I don’t watch a great deal of silent film, and when I do, I tend to prefer comedies over dramas. When I decided to give Sadie Thompson a go, it was not without some reservation. Part of the reason I was doing this more out of obligation than desire is that silent dramas are so often heavy-handed when it comes to the meaning. Part of it was the knowledge that the original last reel of the film has been lost, meaning that what is there at the end is stills, with the best approximation of the story available. The chance to see Gloria Swanson as a young actress was a draw, though. I really only know Swanson from Sunset Boulevard, so seeing her at the height of her career got me interested.
Sadly, Sadie Thompson is pretty standard fare when it comes to silent dramas. Everything is played larger than life and people are their character traits to an extreme. We start with the arrival of a boat in Tutulia in the south Pacific. Our title character, played by a young Gloria Swanson, is a woman of questionable virtue headed for the island of Apia where she claims to have a job waiting. Also on board are the Davidsons (Lionel Barrymore and Blanche Friderici) who are renowned as reformers of the old school. In other words, they are religious zealots who want to save the pagan natives from their pagan-y ways.
It’s no surprise that Sadie runs afoul of the Davidsons right away. However, she also attracts the favorable attention of a soldier named Tim O’Hara (director Raoul Walsh) who isn’t troubled by the fact that she was likely recently a prostitute in San Francisco. The two eventually agree that she’ll head to Sydney and when he’s done with his military career, he’ll head there and they’ll get married.
None of this sits well with Davidson, though, who demands that Sadie return to San Francisco immediately. Because of his reputation as a reformer, the governor of the island agrees, then relents, saying that Sadie can indeed go to Sydney if Davidson agrees. He doesn’t of course, demanding instead that Sadie repent for her sins, confess everything to Jesus and be washed in the blood of the Lamb. And, this being a film made in the late 1920s, of course she eventually succumbs and comes to think that the only way out for her is to return to San Francisco, where she will be arrested for a crime she didn’t commit and sent to prison to serve out a sentence she doesn’t deserve. Ah, but this is the penance that the self-righteous Davidson requires of poor Sadie, and the girl has fallen under his spell.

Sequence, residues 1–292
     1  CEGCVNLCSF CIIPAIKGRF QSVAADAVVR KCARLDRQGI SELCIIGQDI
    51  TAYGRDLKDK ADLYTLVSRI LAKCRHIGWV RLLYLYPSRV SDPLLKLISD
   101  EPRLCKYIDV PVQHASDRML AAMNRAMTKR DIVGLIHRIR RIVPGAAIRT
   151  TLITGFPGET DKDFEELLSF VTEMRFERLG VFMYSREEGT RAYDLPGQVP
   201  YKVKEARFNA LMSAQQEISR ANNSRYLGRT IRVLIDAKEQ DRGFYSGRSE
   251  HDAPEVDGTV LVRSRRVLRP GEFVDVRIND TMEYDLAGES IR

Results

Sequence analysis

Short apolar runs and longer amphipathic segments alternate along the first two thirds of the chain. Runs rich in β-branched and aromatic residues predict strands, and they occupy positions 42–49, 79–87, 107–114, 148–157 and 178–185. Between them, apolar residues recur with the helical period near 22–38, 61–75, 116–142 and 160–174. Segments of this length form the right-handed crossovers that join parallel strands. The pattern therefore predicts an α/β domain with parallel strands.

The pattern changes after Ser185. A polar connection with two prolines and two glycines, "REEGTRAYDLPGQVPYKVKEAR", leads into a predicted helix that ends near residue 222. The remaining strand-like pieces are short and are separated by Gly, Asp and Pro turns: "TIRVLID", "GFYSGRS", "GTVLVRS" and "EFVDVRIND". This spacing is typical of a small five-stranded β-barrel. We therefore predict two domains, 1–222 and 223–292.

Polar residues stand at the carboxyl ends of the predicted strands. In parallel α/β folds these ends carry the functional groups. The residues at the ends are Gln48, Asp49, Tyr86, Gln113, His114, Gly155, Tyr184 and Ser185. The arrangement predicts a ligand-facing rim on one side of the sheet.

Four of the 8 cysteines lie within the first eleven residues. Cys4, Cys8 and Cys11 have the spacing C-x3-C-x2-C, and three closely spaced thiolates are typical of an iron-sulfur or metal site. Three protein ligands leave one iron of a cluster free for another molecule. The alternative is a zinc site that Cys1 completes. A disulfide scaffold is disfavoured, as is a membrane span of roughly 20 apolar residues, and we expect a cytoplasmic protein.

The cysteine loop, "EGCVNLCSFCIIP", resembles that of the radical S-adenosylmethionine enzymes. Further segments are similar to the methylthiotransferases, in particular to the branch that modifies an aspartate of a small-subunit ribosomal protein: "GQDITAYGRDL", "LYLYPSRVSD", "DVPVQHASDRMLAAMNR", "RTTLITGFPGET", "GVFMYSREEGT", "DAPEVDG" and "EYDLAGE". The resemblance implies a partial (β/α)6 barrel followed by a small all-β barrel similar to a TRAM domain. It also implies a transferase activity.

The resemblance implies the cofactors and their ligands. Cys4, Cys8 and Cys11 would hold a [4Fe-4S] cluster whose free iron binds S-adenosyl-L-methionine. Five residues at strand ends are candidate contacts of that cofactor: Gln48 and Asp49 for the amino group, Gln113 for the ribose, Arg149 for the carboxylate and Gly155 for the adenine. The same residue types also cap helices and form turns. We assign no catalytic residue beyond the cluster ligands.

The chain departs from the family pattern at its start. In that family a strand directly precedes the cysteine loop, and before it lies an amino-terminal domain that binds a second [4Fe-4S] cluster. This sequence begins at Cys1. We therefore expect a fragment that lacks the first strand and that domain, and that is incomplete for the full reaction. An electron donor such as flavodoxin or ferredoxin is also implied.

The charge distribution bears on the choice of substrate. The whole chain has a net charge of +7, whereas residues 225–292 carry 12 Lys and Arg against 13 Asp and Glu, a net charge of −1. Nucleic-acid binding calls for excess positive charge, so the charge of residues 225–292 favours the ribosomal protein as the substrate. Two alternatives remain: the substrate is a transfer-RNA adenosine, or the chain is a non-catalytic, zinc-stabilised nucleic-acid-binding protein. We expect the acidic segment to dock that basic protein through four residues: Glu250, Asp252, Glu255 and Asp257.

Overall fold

And…the last reel is missing, dammit. Hollywood has never really liked the self-righteous or hypocritical, though, which means that the last reel can’t be anything good for Davidson, who is obviously attracted against his will to the sexy Sadie. It wouldn’t be the first time that someone of a dogmatic religious bent was overreacting to cover for his own carnal desires, after all.
My biggest issue with the film is the bulk of the second act, although I can’t say I’m terribly surprised at the way it plays out. This part of the film is filled with hyper-religious moralizing, which I found incredibly unpleasant. The thing is this—it makes sense that a heretic like me would find the proselytization to be ugly, but this is done in a way that I think even the most dedicated believer would find that sequence equally unpleasant. Davidson is a moral thug. While I find this part of the film distasteful for what I consider a fairly accurate portrayal of religious dogma taken to its logical extreme, those of a more religious bent will no doubt find this to be a merciless antithesis of what they feel their religion should be.
I can’t claim to have enjoyed this film because I didn’t enjoy it. It’s openly manipulative, although that’s not a terrible shock, since it comes close to the dawn of the film industry. It is interesting to see Gloria Swanson at this stage in her career, though, and I did enjoy it for that. It lends a whole new perspective on Sunset Boulevard for one thing.
It’s also worth noting that in addition to the missing last reel, there are large sections of this film that have deteriorated badly and are in desperate need of repair.
Why to watch Sadie Thompson: Gloria Swanson in her heyday.
Why not to watch: It’s preachy and melodramatic, even for a silent film.